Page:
A new study by the University of South Australia (UniSA) has found that millions of older people with poor vision are at risk of being misdiagnosed with mild cognitive impairments.
The study, published in Scientific Reports, demonstrates the negative consequences of visual impairments on cognitive test performance, as conditions that are synchronous with ageing, including visual decline, are easily overlooked when interpreting cognitive test scores.
People with AMD are already experiencing multiple issues due to vision loss and an inaccurate cognitive assessment is an additional burden they don’t need
Therefore, cognitive tests that rely on vision-dependent tasks could be skewing results in up to a quarter of people aged over 50 who have undiagnosed visual problems such as cataracts or age-related macular degeneration (AMD).
UniSA researchers recruited 24 participants with normal vision to complete two cognitive tests – one involving vision-dependent reactive tasks and the other based of verbal fluency. Participants were required to wear goggles to simulate AMD.
The results showed that performance on the reaction time task significantly decreased (p < 0.001) in the simulated AMD condition, by as much as 25 percentile ranks. In contrast, performance on the verbal fluency test were not statistically different between the simulated and normal vision conditions (p = 0.78).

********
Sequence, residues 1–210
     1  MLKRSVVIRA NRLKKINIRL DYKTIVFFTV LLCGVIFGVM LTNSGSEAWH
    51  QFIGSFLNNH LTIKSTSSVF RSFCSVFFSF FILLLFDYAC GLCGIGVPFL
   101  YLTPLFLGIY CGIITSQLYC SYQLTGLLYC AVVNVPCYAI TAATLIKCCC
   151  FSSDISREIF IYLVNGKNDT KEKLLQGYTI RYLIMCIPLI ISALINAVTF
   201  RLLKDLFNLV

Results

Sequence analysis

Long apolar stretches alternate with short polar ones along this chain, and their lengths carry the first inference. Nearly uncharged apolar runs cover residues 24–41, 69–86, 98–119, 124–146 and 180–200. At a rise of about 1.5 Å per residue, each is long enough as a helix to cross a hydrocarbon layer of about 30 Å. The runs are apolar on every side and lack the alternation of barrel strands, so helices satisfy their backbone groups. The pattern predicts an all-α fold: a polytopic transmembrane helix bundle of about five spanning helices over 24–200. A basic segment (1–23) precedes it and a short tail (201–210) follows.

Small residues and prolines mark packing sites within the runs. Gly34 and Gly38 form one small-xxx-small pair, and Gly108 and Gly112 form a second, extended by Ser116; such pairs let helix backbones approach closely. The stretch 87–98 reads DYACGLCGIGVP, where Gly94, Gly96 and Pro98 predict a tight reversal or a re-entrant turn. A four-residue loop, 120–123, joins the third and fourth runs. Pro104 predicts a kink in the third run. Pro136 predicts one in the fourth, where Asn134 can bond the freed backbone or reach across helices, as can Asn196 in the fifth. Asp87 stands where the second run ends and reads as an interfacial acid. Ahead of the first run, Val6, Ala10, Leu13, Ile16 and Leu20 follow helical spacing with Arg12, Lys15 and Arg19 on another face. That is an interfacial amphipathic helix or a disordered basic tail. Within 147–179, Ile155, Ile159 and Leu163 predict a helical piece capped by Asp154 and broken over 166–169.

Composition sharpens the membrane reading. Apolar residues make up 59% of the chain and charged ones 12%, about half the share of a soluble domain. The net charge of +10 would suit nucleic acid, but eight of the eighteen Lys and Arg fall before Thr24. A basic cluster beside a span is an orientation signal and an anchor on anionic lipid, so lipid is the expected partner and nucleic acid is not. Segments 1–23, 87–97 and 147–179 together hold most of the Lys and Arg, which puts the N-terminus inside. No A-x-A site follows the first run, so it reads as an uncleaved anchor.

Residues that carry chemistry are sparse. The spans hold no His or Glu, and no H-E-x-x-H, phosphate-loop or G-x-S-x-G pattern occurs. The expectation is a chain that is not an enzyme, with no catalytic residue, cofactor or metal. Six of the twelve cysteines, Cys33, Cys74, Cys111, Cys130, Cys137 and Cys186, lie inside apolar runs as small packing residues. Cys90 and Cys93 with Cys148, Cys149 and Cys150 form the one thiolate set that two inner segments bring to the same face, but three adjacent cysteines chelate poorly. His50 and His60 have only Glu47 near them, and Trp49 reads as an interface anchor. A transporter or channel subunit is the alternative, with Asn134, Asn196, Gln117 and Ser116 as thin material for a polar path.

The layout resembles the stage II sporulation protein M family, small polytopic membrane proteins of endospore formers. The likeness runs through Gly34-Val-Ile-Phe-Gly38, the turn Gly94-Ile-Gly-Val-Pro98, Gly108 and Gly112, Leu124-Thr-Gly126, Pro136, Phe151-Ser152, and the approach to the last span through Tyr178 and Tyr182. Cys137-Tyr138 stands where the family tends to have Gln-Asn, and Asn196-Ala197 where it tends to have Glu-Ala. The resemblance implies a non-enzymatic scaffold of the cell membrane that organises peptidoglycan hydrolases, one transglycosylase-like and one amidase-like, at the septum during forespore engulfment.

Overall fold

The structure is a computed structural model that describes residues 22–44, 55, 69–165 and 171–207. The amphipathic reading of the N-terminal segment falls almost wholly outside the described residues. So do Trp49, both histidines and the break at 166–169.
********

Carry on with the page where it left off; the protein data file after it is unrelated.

Anne Macnamara, UniSA PhD candidate who led the study, says the results are a reminder that visual impairments – which, worldwide, affect approximately 200 million people over the age of 50 – unfairly affect cognitive scores when tests involve visual abilities.
“A mistaken score in cognitive tests could have devastating ramifications, leading to unnecessary changes to a person’s living, working, financial or social circumstances,” said Ms Macnamara.
“For example, if a mistaken score contributed to a diagnosis of mild cognitive impairment, it could trigger psychological problems including depression and anxiety.
“People with AMD are already experiencing multiple issues due to vision loss and an inaccurate cognitive assessment is an additional burden they don’t need.”
UniSA researchers noted that reduced vision is underestimated in up to 50% of older adults, and that this figure is expected to increase in line with an ageing population. Therefore, it is critical that neuro-degenerative researchers control for vision when assessing people’s cognition.
Researchers say the incorporation of simple precautionary measures to make allowances for the potential impact of AMD, could help combat this major concern. Such measures include screening participants with mobile vision charts prior to participation, or administering vision-friendly variation of standard cognitive assessments.
As well as this, Ms Macnamara acknowledged that, “mobile apps can now be used to overlay simulated visual impairments onto test materials when piloting their stimuli.”
The study paper concluded that, “While the true impact of AMD on cognitive test scores remains to be established, it is clear that not controlling for vision can adversely affect the results and can have broader implications for the health of visually impaired people.”
The full study report is available here.